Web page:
Theorists are as fascinated with Sheik’s crotchial-region as that double-rainbow guy is with that, you know, double rainbow. (Outdated meme reference? So what? It’s MY blog.) So why all the confusion over something as simple as a woman dressing in drag to hide from a deranged demi-god? I’ll bet no one questioned what was under Mulan’s… uh, typical Chinese crotch armor (does it have a name)?

Being the guy that I am, I started the old Google screen and found a few interesting theories as to why people think Sheik is actually male. The first one I want to debunk requires you to understand the term canonical, as in canon, as in an official part of the franchise. Zelda’s magical transformation in Smash Brother’s Brawl is non-canonical. It is not an official part of Sheik lore. The second debunk is the magic issue. In Ocarina of Time, when Sheik reveals his true identity, Link looks away, there’s a flash, and Zelda is standing there. The flash is caused by what looks and sounds like a deku nut. If Link were frozen in place she would have had plenty of time to change her clothes. The last reasoning I will touch on comes from the idea that transformation is common place in the franchise. Link become a bunny, wolf, deku sapling, goron, and zora to name a few, however, in all cases he is still male. So why is it that Zelda’s transformation should come with a sex change? (Sexist gamers lashing out? Women can’t be awesome in games?)

Theories (and sexist agendas) aside, I’d like to think that no one who worked on Sheik’s design was ever worried about her alleged gender swapping ability. Most likely, they were no more concerned about what was beneath the costume than Stan Lee was about the Thing’s… thing. Luckily for us, we no longer have to debate this issue because Nintendo has finally put the sword to it.

“The definitive answer is that Sheik is a woman – simply Zelda in a different outfit.” – Bill Trinen, Nintendo Senior Product Marketing Manager

Keep gaming, keep learning, and stay plugged in.

Plugged-in Players – MOBA, DotA, and LoL

MOBA Titles

Rexis here!

MOBA. DotA. LoL. What does it all mean?! The fans know all about it. It’s a worldwide phenomenon. It’s taken over many gamer YouTube channels. It’s a national eSports event in South Korea. But what it is?

My online strategy game days ended when I quit playing Final Fantasy XI. The closest I get to online PvP these days is when I pop in Black Ops or GTAV. Then there’s the occasional Minecraft death. Needless to say, the online PvP community is not my forte. And if you’re like me, you’ve been hearing these buzzwords flying about, but never bothered to care. I wasn’t much interested until recently when I saw a Vice documentary about eSports and League of Legends (A coworker calls it League of Virgins. Don’t be offended, learn to laugh at yourself.)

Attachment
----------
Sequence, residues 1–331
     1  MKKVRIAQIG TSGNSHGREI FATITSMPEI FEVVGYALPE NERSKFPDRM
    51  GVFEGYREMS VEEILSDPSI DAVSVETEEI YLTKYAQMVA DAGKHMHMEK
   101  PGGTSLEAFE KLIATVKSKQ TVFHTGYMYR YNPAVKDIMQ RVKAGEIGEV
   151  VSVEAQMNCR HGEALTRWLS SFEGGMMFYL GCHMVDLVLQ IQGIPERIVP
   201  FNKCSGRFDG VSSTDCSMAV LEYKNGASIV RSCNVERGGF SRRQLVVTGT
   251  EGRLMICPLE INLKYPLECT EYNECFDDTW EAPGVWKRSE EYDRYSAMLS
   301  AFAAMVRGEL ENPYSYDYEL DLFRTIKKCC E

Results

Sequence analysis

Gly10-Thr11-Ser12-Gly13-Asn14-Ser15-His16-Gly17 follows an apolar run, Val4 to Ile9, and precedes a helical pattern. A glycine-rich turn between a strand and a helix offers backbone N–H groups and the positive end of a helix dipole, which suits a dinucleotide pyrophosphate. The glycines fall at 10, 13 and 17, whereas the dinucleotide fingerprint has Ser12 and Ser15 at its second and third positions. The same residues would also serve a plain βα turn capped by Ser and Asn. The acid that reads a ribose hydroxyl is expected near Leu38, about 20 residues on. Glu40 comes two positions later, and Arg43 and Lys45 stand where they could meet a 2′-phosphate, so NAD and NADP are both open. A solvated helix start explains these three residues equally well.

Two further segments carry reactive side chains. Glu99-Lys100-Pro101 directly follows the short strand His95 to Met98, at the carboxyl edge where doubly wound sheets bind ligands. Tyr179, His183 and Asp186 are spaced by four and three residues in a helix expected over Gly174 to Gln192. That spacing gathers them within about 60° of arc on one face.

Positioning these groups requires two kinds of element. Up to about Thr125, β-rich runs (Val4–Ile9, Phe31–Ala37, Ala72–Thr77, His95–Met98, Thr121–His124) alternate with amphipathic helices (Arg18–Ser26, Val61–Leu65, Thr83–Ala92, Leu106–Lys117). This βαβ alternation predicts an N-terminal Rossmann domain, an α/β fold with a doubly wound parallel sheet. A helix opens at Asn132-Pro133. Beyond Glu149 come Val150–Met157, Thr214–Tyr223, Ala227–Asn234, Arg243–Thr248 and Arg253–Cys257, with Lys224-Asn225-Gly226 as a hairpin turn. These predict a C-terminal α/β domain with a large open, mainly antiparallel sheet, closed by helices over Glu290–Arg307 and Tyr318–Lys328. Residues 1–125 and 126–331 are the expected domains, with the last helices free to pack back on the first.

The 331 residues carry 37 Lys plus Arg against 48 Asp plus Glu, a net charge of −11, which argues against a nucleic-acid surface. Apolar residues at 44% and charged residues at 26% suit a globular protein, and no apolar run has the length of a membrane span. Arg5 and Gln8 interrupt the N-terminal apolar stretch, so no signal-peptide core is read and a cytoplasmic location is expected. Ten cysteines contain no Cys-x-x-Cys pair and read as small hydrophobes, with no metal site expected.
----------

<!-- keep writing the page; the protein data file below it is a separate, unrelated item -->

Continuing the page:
But before we delve into its popularity, let’s start with MOBA, otherwise known as multiplayer online battle arena. This sub-genre of real-time strategy involves two teams battling to destroy the opposing team’s base/structure/whathaveyou.  It is typically action oriented, top-down, and involves RPG elements. Growing your character works into the strategy of taking out your opponent.

That’s not confusing at all! I’m surprised I didn’t know that before. For me, this genre was largely overlooked because I haven’t always been a fan of RTS and that is exactly where this started. Particularly, with StarCraft and a custom map called Aeon of Strife (AoS). This inspired a map called Defense of the Ancients (DotA) for Warcraft III. DotA became the first MOBA to have sponsored tournaments, ultimately paving the way for the worldwide success of League of Legends.

I won’t dwell on the gameplay for League of Legends. If you want to try the game out, it is free to play on Windows and Mac. The more interesting aspect of this story is the development studio itself. League of Legends remains Riot Games only video game to date and the company made $624 million in 2013. That’s only 4 years after the game released. It’s like every indie developer’s dream.

Hopefully you learned something about MOBA, DotA, and LoL from this post. At the very least, you should know what they are talking about when the inevitable LoL conversation comes up.

Keep gaming, keep learning, and stay plugged in.

Plugged-in Players – Replayability, Replay Value, and Etymology

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Rexis here!

What’s up, internet absorbers? I was clicking around the giant web of computational systems many of us call home when I came across an interesting debate that I can hardly believe is a thing. Apparently, a secret debate rages beneath the calm streets of Videogametopia and it revolves around the word “replayability,” or, as some would say, the non-word, because technically it’s not one.

Now I’m not one to be drawn into a debate the offers no victory for either side (hence why I stay away from religious, political, or best fast food conversations) so I would concede immediately that it is not a word. That’s true. BUT! What is a word?  Now I’m no google-ologist, but google-ologing confirms a word is “a single distinct meaningful element of speech” and so forth. So a sentence like “Chrono Trigger has awesome replayability” certainly seems to qualify the word. It is distinct. It is meaningful. Isn’t it? What does a word that doesn’t exist actually mean?

In the grand scheme of vidya gaming, we know what “replayability” is. It is a word exclusively used for video games. You wouldn’t say that football has “replayability.” You wouldn’t say that a movie has “replayability.” (Rewatchability?) And it certainly isn’t as simple as saying “I have the ability to play again.” This word refers primarily to the replay value a video game possesses and fills the need for a slang term, basically. In the same sense, aggro refers to aggression, mod refers to modifications, and own (pwn) refers to defeating an enemy (to name a few).

I’ve always enjoyed etymology and the origins of words. I’ve written a lot of fiction and creating words is fun! Yes, you can literally create words. A somewhat well-known author by the name of George R. R. Martin recently created the word turncloak. So, you know. There’s that. Not to mention the 1700+ words created by Shakespeare, and I’m not talking about his silly words like hobnob. Many words he created have become common language today. Compromise. Lonely. Label. Elbow. Moonbeam. Luggage. And for you forum lovers; rant and bump. All Shakespeare.

“Replayability” may lack a solid definition. It may not be in the dictionary. Yet. It may not be something you fully understand because you’re not a gamer and have never experienced something you would say has “replayability,” but that doesn’t mean it isn’t a word. Anyone who would argue what is and isn’t a word has a clear lack of understanding when it comes to etymology and coining a word.  Seriously, if you are so passionate about language, maybe learn how it evolves over time instead of forcing your totalitarian views on others.

On a side note, there’s a video game I enjoy that shares its name with a word created by Shakespeare. Unreal.